Let’s give credit where it’s due. There are a few things San Francisco District Attorney Chesa Boudin does very well — like dodging questions, blaming others, and making excuses. He repeats the same talking points over and over. “Restorative justice,” “mass incarceration,” “charging cases,” blah, blah, blah. If I sound cynical, that’s because I believe actions speak louder than words. Don’t get me wrong — Boudin is a good talker. The problem is, he can’t back it up. The embattled district attorney is currently facing a recall election June 7, and if a recent poll is accurate, he’s in trouble: Nearly 70 percent of San Franciscans say they would vote to recall him if the election were held today.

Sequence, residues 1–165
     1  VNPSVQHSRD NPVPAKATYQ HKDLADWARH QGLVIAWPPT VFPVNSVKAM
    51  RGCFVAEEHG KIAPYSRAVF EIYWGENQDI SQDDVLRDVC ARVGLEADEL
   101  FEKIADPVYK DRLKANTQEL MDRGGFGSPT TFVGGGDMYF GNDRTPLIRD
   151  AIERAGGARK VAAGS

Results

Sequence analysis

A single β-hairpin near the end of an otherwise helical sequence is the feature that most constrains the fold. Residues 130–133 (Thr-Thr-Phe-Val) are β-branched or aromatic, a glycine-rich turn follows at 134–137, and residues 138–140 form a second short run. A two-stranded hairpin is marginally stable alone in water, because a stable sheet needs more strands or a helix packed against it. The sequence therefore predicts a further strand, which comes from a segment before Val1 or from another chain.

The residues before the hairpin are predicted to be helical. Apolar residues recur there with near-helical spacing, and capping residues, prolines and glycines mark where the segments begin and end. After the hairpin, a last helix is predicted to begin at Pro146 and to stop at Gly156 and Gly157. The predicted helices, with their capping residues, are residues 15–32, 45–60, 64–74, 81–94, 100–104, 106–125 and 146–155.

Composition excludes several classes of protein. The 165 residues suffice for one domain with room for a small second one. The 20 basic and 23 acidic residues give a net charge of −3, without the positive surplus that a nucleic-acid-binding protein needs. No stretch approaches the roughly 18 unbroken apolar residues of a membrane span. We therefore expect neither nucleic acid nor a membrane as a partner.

At an online recall debate held March 21, the elephant in the Zoom was the absence of the man facing the recall. Boudin sent surrogates to argue against his ouster, choosing instead to attend a town hall meeting at Manny’s in the Mission, where he faced a decidedly friendlier crowd. It also meant he didn’t have to confront two of his former assistant district attorneys, Brooke Jenkins and Don Du Bain; both left Boudin’s office to join the recall effort because they believe his policies are dangerous. Representing Boudin were Tinisch Hollins, director of Californians for Safety and Justice, and retired San Francisco Police commander Richard Corriea. Inevitably, Troy McAlister came up. Just two months into his term, Boudin gave McAlister a sweetheart deal that set the repeat felon free. On Dec. 31, 2020, while fleeing a robbery in a stolen car, McAlister ran a red light and killed Hanako Abe and Elizabeth Platt. The tragic and ultimately infuriating case made international headlines, setting the stage for Boudin’s recall.